Finally, a joke gift with a bit of sentimentality: The Inflatable Cow.  This gift may not be for everyone, but for me and one of my oldest friends, it is perfection itself.  Thirty-five years ago, we moved into houses across the street from each other, and became best friends.  We prided ourselves in coming up with funny practical jokes. One year she burned her Christmas Cornish game hens and they “ding dong ditched” us with them.  The next night we tied red ribbons around the game hens and hung them from the maple tree in their front yard. I could go on and on about all the goofy, fun tricks we played on each other, but one of the best happened on a dark December night when drove onto our street and found a huge plywood cow, adorned with twinkling Christmas lights, on our front lawn.  It was a priceless sight.  This year, Alan has died, and her husband just went into a memory care home.  We are a long way from those fun, stupid jokes.  But when I saw this inflatable cow, I couldn’t help but smile and think of all the fun from that wonderful time in our lives.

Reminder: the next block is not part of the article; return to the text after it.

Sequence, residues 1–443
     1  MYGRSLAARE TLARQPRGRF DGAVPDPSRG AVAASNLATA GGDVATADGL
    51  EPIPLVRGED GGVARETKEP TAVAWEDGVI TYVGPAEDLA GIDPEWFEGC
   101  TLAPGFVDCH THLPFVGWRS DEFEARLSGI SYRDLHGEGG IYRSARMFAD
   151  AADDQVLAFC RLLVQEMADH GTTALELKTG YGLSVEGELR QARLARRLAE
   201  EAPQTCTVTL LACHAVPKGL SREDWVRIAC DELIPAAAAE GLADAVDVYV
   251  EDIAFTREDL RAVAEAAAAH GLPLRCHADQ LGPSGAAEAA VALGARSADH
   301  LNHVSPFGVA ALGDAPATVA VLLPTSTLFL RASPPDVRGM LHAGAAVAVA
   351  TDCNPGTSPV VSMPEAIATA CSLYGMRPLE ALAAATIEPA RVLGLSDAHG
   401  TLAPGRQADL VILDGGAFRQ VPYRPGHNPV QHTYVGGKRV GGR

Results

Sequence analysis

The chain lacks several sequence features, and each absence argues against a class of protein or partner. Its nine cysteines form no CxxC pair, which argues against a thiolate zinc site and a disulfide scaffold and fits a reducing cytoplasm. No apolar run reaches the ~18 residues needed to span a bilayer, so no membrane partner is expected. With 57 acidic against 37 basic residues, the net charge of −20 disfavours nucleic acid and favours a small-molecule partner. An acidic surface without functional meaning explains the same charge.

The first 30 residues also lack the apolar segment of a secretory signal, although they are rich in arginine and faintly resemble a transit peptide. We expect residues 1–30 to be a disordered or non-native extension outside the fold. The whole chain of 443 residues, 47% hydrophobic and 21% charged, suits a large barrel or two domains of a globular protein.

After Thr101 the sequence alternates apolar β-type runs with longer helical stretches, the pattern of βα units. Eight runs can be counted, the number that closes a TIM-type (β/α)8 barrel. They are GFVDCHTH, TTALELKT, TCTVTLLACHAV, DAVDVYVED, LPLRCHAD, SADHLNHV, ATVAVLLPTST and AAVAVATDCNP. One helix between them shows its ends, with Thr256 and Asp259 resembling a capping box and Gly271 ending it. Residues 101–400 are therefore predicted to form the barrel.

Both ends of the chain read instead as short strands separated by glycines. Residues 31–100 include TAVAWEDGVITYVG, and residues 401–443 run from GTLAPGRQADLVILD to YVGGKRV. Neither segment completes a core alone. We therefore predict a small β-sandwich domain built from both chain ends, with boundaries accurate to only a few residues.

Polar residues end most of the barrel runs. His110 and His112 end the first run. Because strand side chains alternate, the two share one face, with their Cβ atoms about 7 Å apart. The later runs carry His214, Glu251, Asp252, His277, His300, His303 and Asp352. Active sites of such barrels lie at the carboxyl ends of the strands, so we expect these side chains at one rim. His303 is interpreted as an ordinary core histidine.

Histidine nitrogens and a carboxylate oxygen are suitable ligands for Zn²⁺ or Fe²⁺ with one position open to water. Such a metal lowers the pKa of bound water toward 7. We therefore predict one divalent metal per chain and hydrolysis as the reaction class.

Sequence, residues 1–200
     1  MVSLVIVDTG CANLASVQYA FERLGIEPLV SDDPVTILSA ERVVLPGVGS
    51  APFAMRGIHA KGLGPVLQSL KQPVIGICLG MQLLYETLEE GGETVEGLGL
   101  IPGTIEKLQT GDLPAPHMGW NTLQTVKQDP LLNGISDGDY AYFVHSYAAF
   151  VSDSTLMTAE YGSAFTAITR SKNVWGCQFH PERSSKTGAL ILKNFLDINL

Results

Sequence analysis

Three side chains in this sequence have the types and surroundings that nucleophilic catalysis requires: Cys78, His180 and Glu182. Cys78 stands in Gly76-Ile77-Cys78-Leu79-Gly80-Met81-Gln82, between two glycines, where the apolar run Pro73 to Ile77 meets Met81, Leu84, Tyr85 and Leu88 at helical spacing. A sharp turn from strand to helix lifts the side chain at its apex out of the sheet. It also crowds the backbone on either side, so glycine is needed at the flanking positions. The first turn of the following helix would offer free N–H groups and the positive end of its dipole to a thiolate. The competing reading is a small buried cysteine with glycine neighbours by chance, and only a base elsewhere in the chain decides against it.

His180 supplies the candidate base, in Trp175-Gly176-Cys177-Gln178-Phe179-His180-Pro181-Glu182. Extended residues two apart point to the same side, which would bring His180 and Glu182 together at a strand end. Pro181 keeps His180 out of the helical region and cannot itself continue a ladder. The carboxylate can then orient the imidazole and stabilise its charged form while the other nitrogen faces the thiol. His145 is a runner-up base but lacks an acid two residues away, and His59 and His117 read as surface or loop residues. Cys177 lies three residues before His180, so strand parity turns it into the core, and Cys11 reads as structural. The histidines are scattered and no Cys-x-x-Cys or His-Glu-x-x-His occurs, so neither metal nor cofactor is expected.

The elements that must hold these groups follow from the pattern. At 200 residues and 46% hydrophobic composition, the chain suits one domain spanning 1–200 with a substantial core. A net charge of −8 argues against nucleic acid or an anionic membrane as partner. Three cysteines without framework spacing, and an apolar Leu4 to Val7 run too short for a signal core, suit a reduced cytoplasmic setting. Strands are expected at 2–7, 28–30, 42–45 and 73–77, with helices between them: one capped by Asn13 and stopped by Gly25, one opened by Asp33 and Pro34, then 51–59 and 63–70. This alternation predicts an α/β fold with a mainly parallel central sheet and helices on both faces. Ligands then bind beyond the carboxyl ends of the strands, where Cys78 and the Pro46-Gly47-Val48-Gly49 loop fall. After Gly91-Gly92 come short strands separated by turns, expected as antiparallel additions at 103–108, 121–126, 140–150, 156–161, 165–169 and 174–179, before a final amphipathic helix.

I hope some of these stupid gifts bring a smile to your face too.  If not, try taking a smiling selfie and put it on a piece of toast.




customized plates that ensure your face is successfully imprinted on every slice of toast it serves up.  Anyone ordering simply needs to upload a selfie (the bigger, the better) recommends white bread for the best imprint,

Country Roads and AI (Actual Intelligence) – A Minnesota Thanksgiving

by Bob Sparrow

The Road

Minnesota between colors and snow